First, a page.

Collectively, I know from various news reports that we have lots of massive software development failures. For the companies I've wo

  • Getting it Both Ways (Score:1, Interesting)

    by Anonymous Coward

    Perhaps IBM is looking to hire help that has the same skillset, yet lacks the education. Following the mantra of "you don't have a college education, so we will pay you less...never mind we engineered your education to be college-free". Why go over to India if we can develop a reduced-skillset-less-pay workforce at home?

  • No word yet on the school colors or whether a uniform will be required.

    ... and also no word on whether the school canteen will serve wedges with sweet chili sauce, sour cream, or both.
    So what?

  • The IBM Songbook, for instance: http://www.etypewriters.com/ibmsongs.htm [etypewriters.com]
    I'm serious:

    The name of T. J. Watson means a courage none can stem,
    And we feel honored to be here to toast the I. B. M.

  • Reminded of how the owner of a local store chain that includes a pharmacy funding a pharmacy school at one of the local colleges; he didn't make it obvious beyond the "stick donor's name on the building" sense.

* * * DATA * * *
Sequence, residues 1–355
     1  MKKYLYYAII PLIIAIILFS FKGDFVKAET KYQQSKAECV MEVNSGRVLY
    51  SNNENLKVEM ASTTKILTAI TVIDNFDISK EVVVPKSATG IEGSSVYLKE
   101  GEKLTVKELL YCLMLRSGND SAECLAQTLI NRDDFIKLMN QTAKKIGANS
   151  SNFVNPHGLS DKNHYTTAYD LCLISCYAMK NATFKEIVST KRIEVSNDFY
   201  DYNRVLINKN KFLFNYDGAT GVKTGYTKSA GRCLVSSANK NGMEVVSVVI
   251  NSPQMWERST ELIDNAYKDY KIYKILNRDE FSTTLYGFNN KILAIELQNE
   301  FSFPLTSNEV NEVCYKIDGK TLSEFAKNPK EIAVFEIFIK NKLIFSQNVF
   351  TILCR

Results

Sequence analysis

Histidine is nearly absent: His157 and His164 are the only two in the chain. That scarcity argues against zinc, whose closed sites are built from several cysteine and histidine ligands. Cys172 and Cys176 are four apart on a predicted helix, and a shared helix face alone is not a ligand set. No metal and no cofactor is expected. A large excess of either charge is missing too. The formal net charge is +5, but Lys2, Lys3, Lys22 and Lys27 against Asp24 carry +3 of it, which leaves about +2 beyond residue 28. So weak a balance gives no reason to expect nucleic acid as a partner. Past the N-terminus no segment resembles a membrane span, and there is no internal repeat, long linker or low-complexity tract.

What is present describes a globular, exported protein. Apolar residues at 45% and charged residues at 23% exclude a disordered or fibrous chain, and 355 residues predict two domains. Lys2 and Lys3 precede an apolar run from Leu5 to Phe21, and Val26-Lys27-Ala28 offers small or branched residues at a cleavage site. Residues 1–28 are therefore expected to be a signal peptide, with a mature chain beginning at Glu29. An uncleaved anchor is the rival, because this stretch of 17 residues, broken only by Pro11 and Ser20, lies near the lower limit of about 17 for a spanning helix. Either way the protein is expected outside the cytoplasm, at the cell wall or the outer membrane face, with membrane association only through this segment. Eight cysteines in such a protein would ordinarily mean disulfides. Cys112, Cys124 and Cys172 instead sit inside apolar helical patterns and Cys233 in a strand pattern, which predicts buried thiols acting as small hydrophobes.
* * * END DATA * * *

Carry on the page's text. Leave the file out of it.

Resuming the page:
• Wrong country. This high school should have been started in Bangalore. Where are the poor fucks who graduate in NYC going to find work?

  • Seriously, this is just sliding into some cyberpunk fantasy where the corporations own and run everything. IBM has a special school; these kids will be exploited as little codemonsters until they grow up and decide whether to move on or accept their predetermined lot in life. New grads are cheap, but you usually have to teach them how to acceptably code and work with your tools. Well, now IBM has that angle covered. Instant productivity!

    I don't like it, but if that's your bag, I won't hold it against yo

  • It would be ok...ish.... if entry to this school was not on a lottery system. What if you end up there and don't want to go into IT? What if you want to do art, or music or another subject that needs adequate funding rather than just being shoved in as a sideline (if that)? What is wrong with going about education the normal way, where you go to school to get a broad education, then go to university (or college of whatever americans do) to specialise, or go off and do a modern apprenticeship in something u